poly(dimethylsiloxane) (PDMS) ring-chain equilibrates was made by Scott [13]
in 1946 and in 1962 Hartung and Camiolo [14] published measured values for
the concentrations of the cyclics
) in PDMS
equilibration reactions in solution in xylene. Carmichael and his coworkers
[15][16] extended these studies and were able to analyse cyclic
dimethylsiloxanes with values of
using gas-liquid chromatography. All
these investigations culminated in the work of Brown and Slusarczuk [17] who
carried out PDMS ring-chain equilibration reactions in the bulk and in solution
in toluene. In their base catalysed solution reaction, the siloxane concentration
and the temperature was 383 K.
Under the conditions used by Brown and Slusarczuk nearly all the
material obtained is cyclic, with only small amounts of high molar mass chains
and the latter are well separated from the cyclic species. Furthermore, for this
reaction, in principle the individual cyclic concentrations produced should be
calculable by application of the Jacobson-Stockmayer theory [18] and the
distribution of linear species by the Flory relationships for linear condensation
polymers (see Ref. 1). Thus, the Brown and Slusarczuk reaction in toluene gave
an opportunity for the preparation of narrow molar mass fractions of cyclic
polymers with an average up to 1000 skeletal bonds, provided that suitable
analytical and preparative techniques were available. From the point of view of

characterisation, it would also be an advantage to calculate the individual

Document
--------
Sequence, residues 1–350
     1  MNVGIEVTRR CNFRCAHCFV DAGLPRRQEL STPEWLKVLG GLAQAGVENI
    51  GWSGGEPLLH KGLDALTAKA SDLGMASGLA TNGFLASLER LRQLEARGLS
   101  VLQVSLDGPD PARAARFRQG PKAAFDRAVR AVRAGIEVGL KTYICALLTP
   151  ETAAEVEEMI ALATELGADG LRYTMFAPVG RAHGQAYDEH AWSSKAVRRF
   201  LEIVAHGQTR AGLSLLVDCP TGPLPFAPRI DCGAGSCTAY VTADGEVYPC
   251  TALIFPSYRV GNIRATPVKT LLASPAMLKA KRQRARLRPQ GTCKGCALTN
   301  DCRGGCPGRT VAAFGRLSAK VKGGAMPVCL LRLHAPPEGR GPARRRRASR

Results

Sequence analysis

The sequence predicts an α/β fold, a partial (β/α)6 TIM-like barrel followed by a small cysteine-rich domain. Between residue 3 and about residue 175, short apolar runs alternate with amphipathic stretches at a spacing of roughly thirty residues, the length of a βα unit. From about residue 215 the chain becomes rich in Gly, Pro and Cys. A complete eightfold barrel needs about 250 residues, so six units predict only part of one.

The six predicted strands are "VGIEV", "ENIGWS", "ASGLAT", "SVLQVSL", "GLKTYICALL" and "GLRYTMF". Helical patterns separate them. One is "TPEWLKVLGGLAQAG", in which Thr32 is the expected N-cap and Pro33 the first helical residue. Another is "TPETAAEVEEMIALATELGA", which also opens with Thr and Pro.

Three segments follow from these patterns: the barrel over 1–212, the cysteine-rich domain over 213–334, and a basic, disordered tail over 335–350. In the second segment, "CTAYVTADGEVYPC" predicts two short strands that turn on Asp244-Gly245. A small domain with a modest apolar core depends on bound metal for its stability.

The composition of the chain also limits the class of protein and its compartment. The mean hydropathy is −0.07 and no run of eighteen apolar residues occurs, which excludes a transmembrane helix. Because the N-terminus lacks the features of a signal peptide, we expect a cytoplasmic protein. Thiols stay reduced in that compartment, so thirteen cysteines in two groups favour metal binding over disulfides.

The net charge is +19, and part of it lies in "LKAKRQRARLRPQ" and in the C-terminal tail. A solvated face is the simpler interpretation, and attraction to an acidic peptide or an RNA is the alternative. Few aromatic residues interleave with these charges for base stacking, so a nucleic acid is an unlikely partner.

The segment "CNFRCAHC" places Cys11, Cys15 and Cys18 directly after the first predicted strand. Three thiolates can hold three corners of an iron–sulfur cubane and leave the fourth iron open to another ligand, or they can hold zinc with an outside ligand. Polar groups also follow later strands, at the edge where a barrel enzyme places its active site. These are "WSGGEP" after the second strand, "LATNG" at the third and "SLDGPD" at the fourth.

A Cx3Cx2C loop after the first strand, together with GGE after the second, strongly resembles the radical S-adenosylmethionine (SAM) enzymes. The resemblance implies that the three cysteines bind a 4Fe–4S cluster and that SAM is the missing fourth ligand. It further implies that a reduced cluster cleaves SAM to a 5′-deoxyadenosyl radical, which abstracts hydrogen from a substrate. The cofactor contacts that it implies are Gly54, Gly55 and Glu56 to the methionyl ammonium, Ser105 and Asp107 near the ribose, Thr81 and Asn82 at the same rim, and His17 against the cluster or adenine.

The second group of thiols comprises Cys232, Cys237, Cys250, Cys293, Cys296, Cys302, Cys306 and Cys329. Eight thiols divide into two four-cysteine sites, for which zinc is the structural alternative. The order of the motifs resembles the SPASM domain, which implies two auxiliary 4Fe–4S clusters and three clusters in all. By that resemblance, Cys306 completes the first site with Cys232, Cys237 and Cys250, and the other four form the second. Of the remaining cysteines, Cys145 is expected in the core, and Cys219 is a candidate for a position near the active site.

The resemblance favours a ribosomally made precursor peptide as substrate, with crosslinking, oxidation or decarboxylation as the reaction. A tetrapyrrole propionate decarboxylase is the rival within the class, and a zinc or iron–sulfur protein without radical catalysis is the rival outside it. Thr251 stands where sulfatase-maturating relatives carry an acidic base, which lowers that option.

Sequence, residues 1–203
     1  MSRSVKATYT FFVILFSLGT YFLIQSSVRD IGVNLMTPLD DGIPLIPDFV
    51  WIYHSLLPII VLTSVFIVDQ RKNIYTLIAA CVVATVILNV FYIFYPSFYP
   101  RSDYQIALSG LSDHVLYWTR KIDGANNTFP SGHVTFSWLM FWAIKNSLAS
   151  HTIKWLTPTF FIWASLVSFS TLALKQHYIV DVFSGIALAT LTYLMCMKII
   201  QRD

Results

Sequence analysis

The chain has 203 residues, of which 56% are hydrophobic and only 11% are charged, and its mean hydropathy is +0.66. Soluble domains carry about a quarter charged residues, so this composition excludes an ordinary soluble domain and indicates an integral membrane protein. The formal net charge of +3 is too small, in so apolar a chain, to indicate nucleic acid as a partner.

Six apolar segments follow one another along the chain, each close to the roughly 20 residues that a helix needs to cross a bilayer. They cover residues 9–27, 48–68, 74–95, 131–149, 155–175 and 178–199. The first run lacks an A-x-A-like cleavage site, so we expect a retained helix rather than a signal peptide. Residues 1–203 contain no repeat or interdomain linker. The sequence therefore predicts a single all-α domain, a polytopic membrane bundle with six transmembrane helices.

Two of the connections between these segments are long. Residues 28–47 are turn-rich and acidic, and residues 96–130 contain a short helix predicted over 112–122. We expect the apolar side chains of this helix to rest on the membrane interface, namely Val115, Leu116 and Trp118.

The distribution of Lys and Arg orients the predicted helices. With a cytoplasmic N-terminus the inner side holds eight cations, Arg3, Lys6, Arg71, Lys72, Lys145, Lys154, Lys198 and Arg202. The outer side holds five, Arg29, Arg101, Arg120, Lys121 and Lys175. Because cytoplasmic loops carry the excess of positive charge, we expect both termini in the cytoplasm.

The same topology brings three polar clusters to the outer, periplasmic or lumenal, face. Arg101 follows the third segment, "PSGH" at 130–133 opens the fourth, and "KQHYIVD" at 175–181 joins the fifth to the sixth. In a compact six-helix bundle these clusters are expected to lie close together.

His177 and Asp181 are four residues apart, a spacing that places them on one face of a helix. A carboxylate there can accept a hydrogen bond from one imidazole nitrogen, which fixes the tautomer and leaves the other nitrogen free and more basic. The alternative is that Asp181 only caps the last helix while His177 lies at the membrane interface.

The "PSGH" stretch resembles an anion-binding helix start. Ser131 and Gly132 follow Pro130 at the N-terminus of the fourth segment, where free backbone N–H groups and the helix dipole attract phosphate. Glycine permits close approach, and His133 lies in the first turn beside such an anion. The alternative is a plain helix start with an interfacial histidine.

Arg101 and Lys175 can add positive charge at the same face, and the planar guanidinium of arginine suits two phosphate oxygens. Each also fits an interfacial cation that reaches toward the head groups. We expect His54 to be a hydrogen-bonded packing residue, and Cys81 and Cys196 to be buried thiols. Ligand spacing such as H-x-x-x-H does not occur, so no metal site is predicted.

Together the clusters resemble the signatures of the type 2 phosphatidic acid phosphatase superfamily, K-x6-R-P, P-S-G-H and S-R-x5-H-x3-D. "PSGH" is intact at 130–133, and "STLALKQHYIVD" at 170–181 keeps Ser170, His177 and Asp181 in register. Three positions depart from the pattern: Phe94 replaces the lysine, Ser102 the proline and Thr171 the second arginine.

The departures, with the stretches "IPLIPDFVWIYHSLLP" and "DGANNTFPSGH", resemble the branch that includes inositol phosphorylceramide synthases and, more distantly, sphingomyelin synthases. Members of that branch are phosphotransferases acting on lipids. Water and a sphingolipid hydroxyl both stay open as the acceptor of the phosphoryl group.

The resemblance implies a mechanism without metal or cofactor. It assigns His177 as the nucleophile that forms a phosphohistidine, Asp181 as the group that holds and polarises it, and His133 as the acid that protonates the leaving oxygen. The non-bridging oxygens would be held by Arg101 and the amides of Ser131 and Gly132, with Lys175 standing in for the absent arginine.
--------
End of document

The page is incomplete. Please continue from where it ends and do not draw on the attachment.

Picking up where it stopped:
concentrations of cyclic and linear species in such equilibrates and this was also
undertaken [19].
Early experiments on gas-liquid chromatography (GLC) were carried out
by James and Martin [20] and the first book on the subject of gas
chromatography was written by Courtenay Phillips [21]. The technique became
so well developed that it could be used to analyse cyclics
with up
to 100 skeletal bonds, when OV17 from the Field Instrument Company is used
as the stationary liquid phase and Embacel is used as the solid support [22]. An
example of the GLC analysis of a cyclic fraction is shown in Figure 5.


Figure 5 - Gas-liquid chromatogram of a dimethyl siloxane fraction consisting of cyclics
(with x=7-20).

For dimethylsiloxane rings with numbers of skeletal bonds in the range
100-1000, the resolution of individual cyclics by GLC is not possible and so
cyclic fractions were analysed in the author’s laboratory using the technique of
analytical gel permeation chromatography (GPC) (otherwise known as size
exclusion chromatography). This technique was first described by Moore [23]
and preparative GPC was developed shortly afterwards (see, for example, Ref.
[24]). The preparative GPC instrument used to obtain cyclic fractions of PDMS
at York was designed and constructed by David Sympson [25]. The results of a
typical fractionation are shown in Figure 6 and the dispersities of the individual
fractions were all in the range
In the higher molar mass
fractions obtained by preparative GPC, appreciable amounts of linear species are
present but the rings can be separated from the chains very effectively, as
described in Ref. [25], Once a whole range of narrow fractions of PDMS cyclics
had been obtained, these first cyclic polymers could be characterised and their
properties investigated. This was done in collaboration with 20 other University
research groups and with Dow Corning Ltd., resulting in a range of publications
(see, for example, Ref. [26] [27]). Some of these properties will be described
later in the chapter.